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William Blachly and Ann O'Brien Founders

40th Year
2023
Season

At the Unadilla Theatre

Ruddigore

When We Are Married

Magic Flute

At the Festival Theatre

A Midsummer Night's Dream

Uncle Vanya

The theatres are a few yards from each other.

Scroll down for more information and schedule of plays.

unadilla@pshift.com

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Ruddigore

The baronets of Ruddigore have been cursed by witches to commit a crime every single day. But one futurebaron has avoided this fate: Ruthven Murgatroyd (pronounced “Riven”) has snuck away under the identity ofRobin Oakapple a lush, rich baritone. Oakapple falls in love with Rose Maybud, in the instantaneous way loversalways do in such love stories. Ruddigore is meant to be a parody of English Victorian melodrama, but theconceits are still entirely familiar even though the genre has long since vanished.

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When We Are Married

JB Priestley

JB Priestley was always haunted by the smugness and hypocrisy of the Edwardian middle classes. In An InspectorCalls he treated the subject polemically. In this earlier play, written in 1938, he tackles it comically. And, even if he rushes to an over-hasty conclusion, it still proves a robustly enjoyable piece, which a critic once accuratelycompared to "a thick high tea".

Curtain: 7:30 Sharp

Dream naked

A Midsummer Night's Dream

 

Midsummer Night’s Dream is the story of the events surrounding the marriage of Theseus, king of Athens, and Hippolyta, queen of the Amazons. It follows the lovers Hermia and Lysander as they attempt to elope but are dogged by Demetrius, in love with Hermia, and Helena, in love with Demetrius. Parallel is the story of Titania and Oberon, monarchs of the forest, who are embroiled in their own fight. Puck, their fairy jester, functions as a liaison between the two parties, as Oberon orders him to use a love potion to make Demetrius fall in love with Helena. Oberon’s plan backfires, and it is Puck’s duty to right his wrong. As the play is a comedy, it ends with a many-part marriage between the happy lovers.

 

 

 

The Magic Flute

 

The music of The Magic Flute closely underscores the drama. Mozart used varied musical styles to depict his characters. Folksy birdcatcher Papageno—a role first played by Schikaneder himself—and his late-appearing sweetheart Papagena (the names derive from the German word for “parrot”) are given unpretentious, folklike melodies. By contrast, the deceptive Queen of the Night is portrayed as an Italianate coloratura indulging in both vocal and emotional histrionics. (The role, written for Mozart’s sister-in-law Josepha Hofer, is famed in opera circles as the highest and perhaps most difficult ever composed, with its light, fast coloratura singing and large intervals between consecutive pitches.) For the young lovers Tamino and Pamina, Mozart composed music that is sweetly romantic yet also harmonically progressive, using at times an unusually chromatic vocal line. Using music to reinforce personality allowed Mozart to create characters that continue to move modern audiences.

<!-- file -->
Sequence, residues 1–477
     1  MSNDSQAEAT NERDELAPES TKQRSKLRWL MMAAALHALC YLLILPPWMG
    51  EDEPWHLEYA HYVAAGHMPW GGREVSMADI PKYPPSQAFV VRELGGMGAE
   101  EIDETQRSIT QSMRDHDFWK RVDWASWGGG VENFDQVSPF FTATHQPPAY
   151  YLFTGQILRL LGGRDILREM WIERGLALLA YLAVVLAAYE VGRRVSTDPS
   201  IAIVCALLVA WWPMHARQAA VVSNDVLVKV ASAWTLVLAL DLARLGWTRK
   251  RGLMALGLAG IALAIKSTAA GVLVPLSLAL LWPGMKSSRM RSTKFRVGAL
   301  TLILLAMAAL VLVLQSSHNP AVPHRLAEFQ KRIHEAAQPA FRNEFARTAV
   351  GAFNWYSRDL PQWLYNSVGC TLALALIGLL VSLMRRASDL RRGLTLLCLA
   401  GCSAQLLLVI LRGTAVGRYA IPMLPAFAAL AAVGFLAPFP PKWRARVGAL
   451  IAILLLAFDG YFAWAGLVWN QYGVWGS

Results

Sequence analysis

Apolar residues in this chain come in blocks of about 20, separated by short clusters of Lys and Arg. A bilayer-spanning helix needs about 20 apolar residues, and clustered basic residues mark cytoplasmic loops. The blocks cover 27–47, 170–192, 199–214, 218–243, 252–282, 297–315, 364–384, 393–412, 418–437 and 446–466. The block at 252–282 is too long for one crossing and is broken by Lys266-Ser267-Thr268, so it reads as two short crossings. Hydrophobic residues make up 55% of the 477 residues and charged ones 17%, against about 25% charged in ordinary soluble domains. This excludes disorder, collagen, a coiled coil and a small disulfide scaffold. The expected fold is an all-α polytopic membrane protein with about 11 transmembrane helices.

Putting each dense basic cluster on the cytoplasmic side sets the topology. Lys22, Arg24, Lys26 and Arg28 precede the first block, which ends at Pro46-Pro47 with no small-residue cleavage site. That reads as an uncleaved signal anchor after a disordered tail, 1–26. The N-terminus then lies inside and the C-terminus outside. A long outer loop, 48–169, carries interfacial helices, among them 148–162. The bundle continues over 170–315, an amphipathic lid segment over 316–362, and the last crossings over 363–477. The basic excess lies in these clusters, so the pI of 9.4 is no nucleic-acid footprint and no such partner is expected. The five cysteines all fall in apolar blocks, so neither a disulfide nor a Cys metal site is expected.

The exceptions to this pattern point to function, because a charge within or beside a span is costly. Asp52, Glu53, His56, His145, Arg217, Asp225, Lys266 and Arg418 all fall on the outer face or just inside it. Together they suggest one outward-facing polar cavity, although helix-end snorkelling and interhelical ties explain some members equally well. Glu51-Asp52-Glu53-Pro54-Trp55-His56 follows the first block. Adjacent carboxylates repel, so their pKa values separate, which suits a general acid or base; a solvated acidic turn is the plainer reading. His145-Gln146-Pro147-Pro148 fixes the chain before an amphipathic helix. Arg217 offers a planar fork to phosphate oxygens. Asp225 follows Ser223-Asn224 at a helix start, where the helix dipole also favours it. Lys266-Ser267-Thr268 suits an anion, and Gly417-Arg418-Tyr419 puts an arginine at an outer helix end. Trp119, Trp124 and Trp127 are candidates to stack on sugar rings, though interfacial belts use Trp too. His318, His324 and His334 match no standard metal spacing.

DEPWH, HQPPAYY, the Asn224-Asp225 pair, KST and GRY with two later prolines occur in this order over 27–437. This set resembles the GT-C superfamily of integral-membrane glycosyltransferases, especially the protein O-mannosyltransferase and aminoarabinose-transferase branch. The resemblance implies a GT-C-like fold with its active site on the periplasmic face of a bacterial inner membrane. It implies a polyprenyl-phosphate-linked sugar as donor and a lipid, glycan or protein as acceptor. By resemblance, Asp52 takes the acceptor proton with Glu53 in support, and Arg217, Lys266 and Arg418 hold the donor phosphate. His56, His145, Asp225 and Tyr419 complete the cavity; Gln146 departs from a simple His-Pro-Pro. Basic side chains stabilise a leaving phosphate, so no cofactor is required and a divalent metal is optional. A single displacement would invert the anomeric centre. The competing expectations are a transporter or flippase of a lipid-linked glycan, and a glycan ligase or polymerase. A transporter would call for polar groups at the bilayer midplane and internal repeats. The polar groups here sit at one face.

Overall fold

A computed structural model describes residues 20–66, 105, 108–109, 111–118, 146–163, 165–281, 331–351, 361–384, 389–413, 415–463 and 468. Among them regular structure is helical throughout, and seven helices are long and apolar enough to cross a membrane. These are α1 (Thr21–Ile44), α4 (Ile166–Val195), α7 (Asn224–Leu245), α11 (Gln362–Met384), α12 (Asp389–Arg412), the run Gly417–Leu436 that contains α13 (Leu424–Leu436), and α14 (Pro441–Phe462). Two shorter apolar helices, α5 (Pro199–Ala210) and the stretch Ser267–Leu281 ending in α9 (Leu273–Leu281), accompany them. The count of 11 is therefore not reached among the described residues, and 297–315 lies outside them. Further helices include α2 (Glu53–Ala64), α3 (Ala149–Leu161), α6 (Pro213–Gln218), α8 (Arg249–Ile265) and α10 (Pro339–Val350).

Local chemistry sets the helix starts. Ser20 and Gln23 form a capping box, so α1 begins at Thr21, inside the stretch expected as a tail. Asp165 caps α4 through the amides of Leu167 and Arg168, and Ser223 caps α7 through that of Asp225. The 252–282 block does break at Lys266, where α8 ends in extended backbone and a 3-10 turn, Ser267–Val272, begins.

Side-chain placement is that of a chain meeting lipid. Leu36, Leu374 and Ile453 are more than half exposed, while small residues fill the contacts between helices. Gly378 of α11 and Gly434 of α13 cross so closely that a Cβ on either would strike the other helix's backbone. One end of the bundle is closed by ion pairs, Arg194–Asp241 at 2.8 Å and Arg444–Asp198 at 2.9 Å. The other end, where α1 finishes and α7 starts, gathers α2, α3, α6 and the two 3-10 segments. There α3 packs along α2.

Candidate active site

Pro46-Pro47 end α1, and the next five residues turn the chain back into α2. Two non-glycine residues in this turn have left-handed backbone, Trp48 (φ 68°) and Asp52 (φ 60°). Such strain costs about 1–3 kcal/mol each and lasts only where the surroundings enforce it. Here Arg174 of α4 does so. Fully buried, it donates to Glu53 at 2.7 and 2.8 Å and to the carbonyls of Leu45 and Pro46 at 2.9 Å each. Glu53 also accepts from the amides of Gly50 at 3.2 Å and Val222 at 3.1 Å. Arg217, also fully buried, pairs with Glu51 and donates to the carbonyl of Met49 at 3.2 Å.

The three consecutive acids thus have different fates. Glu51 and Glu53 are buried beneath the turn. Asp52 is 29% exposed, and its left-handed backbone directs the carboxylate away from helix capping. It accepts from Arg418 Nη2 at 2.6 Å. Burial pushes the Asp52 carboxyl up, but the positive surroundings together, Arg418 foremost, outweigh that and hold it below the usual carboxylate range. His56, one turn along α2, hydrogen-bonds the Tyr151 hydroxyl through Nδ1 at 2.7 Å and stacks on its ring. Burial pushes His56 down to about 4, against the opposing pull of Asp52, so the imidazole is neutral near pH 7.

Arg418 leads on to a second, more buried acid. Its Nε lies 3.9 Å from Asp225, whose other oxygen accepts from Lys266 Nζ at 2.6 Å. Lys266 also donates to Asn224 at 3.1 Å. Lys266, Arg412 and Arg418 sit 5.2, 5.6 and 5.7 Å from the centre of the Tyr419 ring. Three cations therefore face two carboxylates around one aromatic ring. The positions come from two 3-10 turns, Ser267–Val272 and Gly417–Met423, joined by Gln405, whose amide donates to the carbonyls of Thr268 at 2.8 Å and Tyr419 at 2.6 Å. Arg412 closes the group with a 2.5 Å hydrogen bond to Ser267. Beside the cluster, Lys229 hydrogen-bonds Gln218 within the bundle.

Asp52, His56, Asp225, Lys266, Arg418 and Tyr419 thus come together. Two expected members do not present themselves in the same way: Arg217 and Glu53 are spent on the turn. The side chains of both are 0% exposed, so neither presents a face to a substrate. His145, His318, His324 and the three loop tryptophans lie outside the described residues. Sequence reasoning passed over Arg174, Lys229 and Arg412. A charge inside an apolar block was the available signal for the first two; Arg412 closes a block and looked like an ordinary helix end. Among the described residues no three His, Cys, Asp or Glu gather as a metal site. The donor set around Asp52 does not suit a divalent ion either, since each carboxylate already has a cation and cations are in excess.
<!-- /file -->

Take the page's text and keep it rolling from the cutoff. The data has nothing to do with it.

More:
Like Mozart’s few other German-language operas—including Die Entführung aus dem Serail, The Abduction from the Seraglio—The Magic Flute is a singspiel, a form that includes spoken dialogue between the musical numbers. (See also operetta.) Works combining spoken words and sung text in local languages—German, French, and English—were fairly common, and these more-accessible works had periods of great local popularity. The Magic Flute, which was successful from the beginning, continues to make frequent appearances on the world’s opera stages.

 

Uncle Vanya

 

Michael Billington recently wrote a feature for The Guardian in which he commented that he's seen nearly two dozen productions of Uncle Vanya in over 60 years as a theatregoer (48 of them as a critic); and even if I can't (yet) claim quite those numbers on any of those scores, like Billington I consider it to be my personal favourite of all of Chekhov's plays - indeed, I'd go even further and say it's my favourite play, period, from a writer who I consider my favourite of all the classic playwrights.

 

 

 

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Curtain Time

2:30 PM Matinee

Sharp 

Late comers will be admitted only at intermission.

Tickets:
Adults $25, Children 12 and under $15.

Cash or checks

No credit cards

Reservations and Information: 


802-456-8968  or at

unadilla@pshift.com

 

501 Blachly Road
Marshfield Vermont 05658